So Texas has settled on Sterlin Gilbert as the OC to lead the UT offense out of the wilderness and into the promised land of shootout victories and 1st Team All-Conference quarterback play.
As you surely know, Gilbert comes from the Art Briles school of offense, having learned the “veer and shoot” system as a GA under Briles at Houston before later working under other Briles disciples Dino Babers (Eastern Illinois and Bowling Green) and then Phillip Montgomery (Tulsa). He now brings his particular style of Briles-ball to the University of Texas.
At its heart, this system is arguably the purest form of spread offense in the game. The formations, concepts, and philosophy are all geared around forcing the opponent to defend the entire field on every single snap. It’s the triple-option with spacing and the forward pass integrated as ways to create conflict for the defense and the nature of the system is to give the QB multiple options and teach him how to always make the defense wrong.
Gilbert has some solid experience running this offense away from Briles and was even largely responsible for installing it on behalf of Dino Babers at Eastern Illinois and again at Bowling Green. There’s no question he understands the system and how to make it go, the question is whether he can do so at Texas for 2016.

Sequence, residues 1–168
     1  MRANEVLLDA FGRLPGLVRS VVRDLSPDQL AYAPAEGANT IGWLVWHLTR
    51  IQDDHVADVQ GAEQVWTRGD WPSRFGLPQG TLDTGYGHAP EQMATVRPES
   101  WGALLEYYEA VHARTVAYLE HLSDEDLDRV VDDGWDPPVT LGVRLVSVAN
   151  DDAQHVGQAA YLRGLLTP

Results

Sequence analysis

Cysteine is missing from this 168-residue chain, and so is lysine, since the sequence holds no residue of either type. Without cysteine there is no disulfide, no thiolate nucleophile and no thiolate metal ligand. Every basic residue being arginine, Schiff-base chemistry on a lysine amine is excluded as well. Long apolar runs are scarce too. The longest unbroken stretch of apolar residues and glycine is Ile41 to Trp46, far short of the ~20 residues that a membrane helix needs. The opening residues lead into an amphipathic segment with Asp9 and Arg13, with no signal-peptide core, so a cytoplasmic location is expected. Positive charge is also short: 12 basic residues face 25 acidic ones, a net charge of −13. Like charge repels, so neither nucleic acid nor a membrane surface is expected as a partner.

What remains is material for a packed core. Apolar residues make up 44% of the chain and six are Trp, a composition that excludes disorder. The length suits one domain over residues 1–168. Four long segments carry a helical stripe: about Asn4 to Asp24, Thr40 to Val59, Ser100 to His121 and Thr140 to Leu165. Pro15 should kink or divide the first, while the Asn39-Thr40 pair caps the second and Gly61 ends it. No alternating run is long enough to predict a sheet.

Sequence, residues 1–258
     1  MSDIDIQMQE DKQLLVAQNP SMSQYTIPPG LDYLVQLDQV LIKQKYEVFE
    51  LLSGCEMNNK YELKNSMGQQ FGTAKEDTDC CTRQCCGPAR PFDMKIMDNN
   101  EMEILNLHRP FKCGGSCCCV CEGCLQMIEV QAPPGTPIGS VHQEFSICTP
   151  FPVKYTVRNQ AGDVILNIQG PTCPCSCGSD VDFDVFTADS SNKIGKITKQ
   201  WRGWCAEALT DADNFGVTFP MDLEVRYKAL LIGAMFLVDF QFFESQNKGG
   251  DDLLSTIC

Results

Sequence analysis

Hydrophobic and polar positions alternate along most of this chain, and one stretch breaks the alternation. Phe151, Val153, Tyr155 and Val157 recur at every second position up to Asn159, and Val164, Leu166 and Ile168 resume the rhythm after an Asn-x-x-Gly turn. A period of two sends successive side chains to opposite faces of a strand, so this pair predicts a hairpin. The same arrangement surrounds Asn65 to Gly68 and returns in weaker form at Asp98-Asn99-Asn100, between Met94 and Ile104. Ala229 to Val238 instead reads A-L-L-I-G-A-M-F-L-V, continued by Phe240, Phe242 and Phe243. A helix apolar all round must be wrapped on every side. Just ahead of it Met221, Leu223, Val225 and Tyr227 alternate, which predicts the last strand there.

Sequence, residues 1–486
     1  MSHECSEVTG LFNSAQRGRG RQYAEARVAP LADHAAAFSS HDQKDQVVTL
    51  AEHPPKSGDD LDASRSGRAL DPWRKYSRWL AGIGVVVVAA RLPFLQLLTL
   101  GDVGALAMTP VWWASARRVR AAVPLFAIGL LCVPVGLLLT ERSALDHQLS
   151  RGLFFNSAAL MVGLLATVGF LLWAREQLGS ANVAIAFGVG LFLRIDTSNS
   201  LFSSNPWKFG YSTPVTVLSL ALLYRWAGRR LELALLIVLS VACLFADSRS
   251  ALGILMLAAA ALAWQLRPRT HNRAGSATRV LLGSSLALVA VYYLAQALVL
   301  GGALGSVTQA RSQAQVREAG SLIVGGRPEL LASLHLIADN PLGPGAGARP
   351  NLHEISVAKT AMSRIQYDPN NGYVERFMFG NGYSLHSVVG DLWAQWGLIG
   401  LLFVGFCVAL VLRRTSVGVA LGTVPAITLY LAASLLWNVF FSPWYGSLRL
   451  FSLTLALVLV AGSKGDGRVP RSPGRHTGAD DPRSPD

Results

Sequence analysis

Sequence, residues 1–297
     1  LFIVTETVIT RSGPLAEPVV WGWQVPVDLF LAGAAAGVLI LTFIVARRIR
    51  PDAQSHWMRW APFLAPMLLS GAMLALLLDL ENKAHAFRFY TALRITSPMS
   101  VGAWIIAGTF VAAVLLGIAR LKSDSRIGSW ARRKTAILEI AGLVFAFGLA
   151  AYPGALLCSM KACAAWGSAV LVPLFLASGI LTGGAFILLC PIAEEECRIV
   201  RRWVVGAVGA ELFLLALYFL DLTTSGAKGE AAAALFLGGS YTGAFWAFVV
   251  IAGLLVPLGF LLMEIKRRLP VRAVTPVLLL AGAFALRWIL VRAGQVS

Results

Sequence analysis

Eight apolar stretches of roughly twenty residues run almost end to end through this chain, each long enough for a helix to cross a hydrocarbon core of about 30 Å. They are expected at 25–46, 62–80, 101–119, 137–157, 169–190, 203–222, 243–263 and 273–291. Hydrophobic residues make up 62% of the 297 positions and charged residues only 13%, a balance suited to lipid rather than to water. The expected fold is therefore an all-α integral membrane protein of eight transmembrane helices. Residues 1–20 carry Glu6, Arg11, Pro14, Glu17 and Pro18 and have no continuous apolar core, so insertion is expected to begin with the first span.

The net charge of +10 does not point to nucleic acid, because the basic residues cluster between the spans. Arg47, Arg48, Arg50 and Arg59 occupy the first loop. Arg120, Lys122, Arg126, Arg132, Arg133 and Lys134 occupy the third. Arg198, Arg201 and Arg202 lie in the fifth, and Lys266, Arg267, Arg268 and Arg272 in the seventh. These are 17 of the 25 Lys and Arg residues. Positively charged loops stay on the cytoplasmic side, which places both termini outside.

The Gilbert variety of the veer and shoot
Briles’ offense at Baylor has often varied based on who the QB is, sometimes emphasizing RPOs (run/pass option plays) or true QB option more and other times being more about the passing game, depending on the skills of the QB and surrounding talent.
For Gilbert, the offense has generally been more about the passing game and has even more closely resembled an Air Raid at times but with wider splits in keeping with the Briles tradition.
At Eastern Illinois, Gilbert and Babers inherited Jimmy Garoppolo (who is now the New England Patriots’ backup QB) who was a junior and returning starter coming off a very respectable season. Garoppolo has a lightning quick release, prototypical NFL size, a strong arm, and the spacing of Gilbert’s offense absolutely unleashed these skills.
As a sophomore pre-Gilbert, Garoppolo threw for 2644 yards, 7.6 ypa, and 20 TDs to 14 interceptions. As a junior in Year 1 with Gilbert he threw for 3823 yards, 7.1 ypa, 31 TDs and 15 interceptions. In Year 2, with a mastery of the system those numbers spiked to 5050 yards, 8.9 ypa, 53 TDs and only nine interceptions. Texas has never seen someone fling the ball around like that in the history of the program.
At Tulsa there was a similar transformation for returning starter Dane Evans who threw for 3102 yards, 6.7 ypa, 23 TDs and 17 interceptions in 2014 before Gilbert came. He went for 3958 yards, 8.9 ypa, and 22 TDs with just eight interceptions after he arrived.
Make no mistake, this system is designed for the QB to give him clearer reads, better options, and open receivers.
Here’s how it works, it’s largely RPO-based with a few key run plays emphasized every week and combined with basic quick game concepts on the outside and a few play-action strikes. The goal is to force the defense to defend everything every play or risk getting ripped apart by paper cuts that end up looking more like machete slashes thanks to the spacing of the offense.
The pace is fast and ideally the QB has command of the offense and can just line up and make calls and decisions on his own, much like a point guard calling for screens and then adjusting on the fly to what the defense is doing.